We are always the same age inside. - Gertrude Stein
OMRI DAILY DIGEST

No. 250, Part I, 28 December 1995


We welcome you to Part I of the Open Media Research Institute's Daily
Digest. This part focuses on Russia, Transcaucasia and Central Asia.
Part II, distributed simultaneously as a second document, covers
Central, Eastern, and Southeastern Europe.  Back issues of the Daily
Digest, and other information about OMRI, are available through our WWW
pages: http://www.omri.cz/Index.html

^^^^^^^^^^^^^^^^^^^^^^^^^^^TODAY'S TOP STORY^^^^^^^^^^^^^^^^^^^^^^^^^
RUSSIAN FORCES BOMBARD CHECHEN VILLAGES. Russian artillery bombarded
Achkhoi-Martan, southwest of Grozny on 27 December, despite the
withdrawal from the town of the Chechen forces loyal to President
Dzhokhar Dudaev who had occupied it since 16 December, according to
Russian Public TV (ORT) and AFP. Hundreds are thought to have been
killed in the last two weeks of fighting. Several other villages were
also targeted by Russian warplanes. Speaking at a wreath-laying ceremony
in Moscow on 27 December to mark the sixteenth anniversary of the Soviet
invasion of Afghanistan, Col. Gen. Boris Gromov, whose My Fatherland
party failed to clear the 5% hurdle in the Duma elections, called for an
immediate withdrawal of Russian forces from Chechnya, NTV reported. --
Liz Fuller
^^^^^^^^^^^^^^^^^^^^^^^^^^^^^^^^^^^^^^^^^^^^^^^^^^^^^^^^^^^^^^^^^^^^^

RUSSIA

CHERNOMYRDIN PLEASED WITH GOVERNMENT'S WORK. Addressing the government
meeting on 28 December, Prime Minister Victor Chernomyrdin declared his
satisfaction with the government's performance in 1995, ITAR-TASS
reported the same day. He argued that inflation is under control, the
fall in output and income has been halted, and that the securities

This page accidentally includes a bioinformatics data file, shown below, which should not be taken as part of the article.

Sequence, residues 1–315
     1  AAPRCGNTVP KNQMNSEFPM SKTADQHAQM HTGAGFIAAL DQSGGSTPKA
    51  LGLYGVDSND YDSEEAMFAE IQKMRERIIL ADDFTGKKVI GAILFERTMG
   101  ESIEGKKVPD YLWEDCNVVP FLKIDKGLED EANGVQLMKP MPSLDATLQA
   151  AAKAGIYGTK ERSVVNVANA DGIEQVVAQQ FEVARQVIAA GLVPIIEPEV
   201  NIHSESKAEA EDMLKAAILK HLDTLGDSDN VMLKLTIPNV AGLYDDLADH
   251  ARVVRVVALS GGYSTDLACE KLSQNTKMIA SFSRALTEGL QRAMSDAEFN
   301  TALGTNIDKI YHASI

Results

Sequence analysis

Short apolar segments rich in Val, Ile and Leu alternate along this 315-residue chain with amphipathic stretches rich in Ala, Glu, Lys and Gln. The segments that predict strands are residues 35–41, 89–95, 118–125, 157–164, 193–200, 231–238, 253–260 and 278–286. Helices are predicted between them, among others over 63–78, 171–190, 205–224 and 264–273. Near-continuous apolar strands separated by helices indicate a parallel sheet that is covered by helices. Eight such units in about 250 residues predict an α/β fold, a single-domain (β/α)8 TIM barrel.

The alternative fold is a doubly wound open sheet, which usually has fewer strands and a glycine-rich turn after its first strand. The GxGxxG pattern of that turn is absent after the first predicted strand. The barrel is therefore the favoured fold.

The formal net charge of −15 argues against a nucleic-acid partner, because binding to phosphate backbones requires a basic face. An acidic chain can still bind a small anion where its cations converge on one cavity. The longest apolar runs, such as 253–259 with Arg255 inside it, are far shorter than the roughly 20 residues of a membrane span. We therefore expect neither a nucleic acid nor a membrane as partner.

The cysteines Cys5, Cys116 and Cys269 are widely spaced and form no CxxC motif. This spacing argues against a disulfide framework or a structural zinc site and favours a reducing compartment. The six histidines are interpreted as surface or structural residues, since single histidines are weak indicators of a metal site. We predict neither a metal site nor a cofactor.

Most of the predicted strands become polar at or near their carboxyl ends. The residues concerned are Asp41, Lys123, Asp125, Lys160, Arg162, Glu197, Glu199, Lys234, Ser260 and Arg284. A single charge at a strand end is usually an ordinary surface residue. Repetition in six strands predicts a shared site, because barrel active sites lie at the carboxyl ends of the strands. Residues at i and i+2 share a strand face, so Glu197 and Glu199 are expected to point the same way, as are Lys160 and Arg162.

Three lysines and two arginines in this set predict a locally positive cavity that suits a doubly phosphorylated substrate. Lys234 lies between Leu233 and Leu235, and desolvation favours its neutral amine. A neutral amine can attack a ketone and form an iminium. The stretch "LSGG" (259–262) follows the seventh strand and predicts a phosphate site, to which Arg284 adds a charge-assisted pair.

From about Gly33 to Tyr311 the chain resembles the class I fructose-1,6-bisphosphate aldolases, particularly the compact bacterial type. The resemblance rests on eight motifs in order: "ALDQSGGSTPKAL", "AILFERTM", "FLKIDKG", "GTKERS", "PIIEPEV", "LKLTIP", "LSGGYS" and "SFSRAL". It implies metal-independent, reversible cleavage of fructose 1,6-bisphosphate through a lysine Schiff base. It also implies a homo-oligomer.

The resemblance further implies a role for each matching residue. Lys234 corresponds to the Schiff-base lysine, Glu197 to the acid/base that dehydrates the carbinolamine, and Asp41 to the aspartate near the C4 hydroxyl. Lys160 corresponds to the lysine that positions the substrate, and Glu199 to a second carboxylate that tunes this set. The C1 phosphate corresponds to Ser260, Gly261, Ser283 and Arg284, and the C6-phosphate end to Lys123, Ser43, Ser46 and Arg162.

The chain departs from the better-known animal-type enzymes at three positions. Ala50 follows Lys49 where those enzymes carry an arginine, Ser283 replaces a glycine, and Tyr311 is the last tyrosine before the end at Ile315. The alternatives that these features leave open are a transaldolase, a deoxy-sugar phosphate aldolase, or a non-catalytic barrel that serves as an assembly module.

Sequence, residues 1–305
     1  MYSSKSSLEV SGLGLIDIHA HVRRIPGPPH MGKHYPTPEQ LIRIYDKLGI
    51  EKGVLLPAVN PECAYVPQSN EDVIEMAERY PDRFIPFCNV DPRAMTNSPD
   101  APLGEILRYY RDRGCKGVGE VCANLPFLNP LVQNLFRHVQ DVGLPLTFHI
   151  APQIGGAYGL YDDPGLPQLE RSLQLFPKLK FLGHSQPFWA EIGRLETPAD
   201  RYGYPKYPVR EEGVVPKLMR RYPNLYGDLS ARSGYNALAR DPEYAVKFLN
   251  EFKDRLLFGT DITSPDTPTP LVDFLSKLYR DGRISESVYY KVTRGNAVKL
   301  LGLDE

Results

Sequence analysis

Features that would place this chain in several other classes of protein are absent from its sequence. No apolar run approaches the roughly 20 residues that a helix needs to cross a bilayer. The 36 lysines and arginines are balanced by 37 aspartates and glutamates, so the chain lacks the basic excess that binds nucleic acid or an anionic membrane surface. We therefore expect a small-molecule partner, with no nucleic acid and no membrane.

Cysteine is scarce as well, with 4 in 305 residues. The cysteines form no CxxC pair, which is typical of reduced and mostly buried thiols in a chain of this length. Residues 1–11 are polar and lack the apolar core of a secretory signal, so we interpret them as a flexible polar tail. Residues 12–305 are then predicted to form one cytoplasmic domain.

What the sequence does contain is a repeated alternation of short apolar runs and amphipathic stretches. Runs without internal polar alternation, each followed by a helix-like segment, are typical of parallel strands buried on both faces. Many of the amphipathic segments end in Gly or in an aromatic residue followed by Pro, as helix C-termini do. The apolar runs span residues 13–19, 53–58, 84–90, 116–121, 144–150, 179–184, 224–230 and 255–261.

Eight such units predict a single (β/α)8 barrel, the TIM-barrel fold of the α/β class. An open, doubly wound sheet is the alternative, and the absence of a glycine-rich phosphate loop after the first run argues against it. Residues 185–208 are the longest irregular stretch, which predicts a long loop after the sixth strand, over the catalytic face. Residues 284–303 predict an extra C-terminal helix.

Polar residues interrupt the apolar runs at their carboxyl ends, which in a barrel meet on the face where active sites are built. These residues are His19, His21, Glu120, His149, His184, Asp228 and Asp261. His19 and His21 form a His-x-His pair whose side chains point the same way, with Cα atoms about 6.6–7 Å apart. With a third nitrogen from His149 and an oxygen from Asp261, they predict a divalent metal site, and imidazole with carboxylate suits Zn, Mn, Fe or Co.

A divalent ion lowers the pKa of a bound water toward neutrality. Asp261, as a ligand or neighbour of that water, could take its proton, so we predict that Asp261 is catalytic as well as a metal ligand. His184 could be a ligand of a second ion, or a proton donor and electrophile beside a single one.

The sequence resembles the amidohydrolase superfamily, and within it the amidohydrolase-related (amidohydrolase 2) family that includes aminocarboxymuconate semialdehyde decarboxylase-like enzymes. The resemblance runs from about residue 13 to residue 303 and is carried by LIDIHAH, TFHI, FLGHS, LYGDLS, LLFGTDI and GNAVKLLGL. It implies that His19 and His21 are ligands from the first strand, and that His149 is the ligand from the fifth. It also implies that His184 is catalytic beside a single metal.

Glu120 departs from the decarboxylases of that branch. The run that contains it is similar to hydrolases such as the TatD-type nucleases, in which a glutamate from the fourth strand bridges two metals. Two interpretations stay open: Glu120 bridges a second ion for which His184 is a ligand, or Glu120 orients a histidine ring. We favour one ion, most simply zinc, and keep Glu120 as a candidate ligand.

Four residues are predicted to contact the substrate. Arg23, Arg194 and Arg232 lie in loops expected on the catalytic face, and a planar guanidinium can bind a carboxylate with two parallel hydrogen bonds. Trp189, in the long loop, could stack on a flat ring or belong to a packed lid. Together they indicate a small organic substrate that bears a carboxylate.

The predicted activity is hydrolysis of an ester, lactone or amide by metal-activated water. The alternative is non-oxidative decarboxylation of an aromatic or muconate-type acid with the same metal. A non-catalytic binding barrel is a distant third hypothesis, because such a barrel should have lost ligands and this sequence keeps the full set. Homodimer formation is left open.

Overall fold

market has been "put on its feet." He said that "next year will be
decisive" and urged ministers to work as a unified team, rather than
pursuing their separate agendas. In a press conference for ITAR-TASS the
previous day, the prime minister singled out the strengthening of the
ruble and overcoming the August bank crisis as the government's main
achievements. -- Peter Rutland

BELYAEV TO LEAD OUR HOME IS RUSSIA IN DUMA. At a meeting of deputies
elected to represent Our Home Is Russia (NDR) in the Duma, former State
Property Committee Chairman Sergei Belyaev was chosen to lead the bloc's
faction in parliament, ITAR-TASS reported on 27 December. Belyaev took
leave from his government post in August in order to run the campaign
for Prime Minister Viktor Chernomyrdin's bloc. On 26 December,
Chernomyrdin addressed a meeting of 70 deputies in the Duma who are
sympathetic to NDR, Segodnya reported the next day. He said that Yabloko
is the closest faction to NDR but added that "there are rational,
effective, and responsible deputies in all the factions." He said NDR
would seek a "working dialogue" with "social democrats" within the
Communist faction. -- Laura Belin and Peter Rutland

ELECTORAL COMMISSION REGISTERS GROUPS BACKING YELTSIN, RUTSKOI FOR
PRESIDENT. On 25 December the Central Electoral Commission (TsIK)
registered groups nominating Boris Yeltsin and two other candidates for
16 June presidential elections, Russian media reported. Yeltsin has said
he will decide in February whether to run for re-election. An initiative
group nominating Derzhava leader Aleksandr Rutskoi was also registered
on its second attempt. On 14 December the TsIK refused to register
Rutskoi's supporters, on the grounds that they had filled out the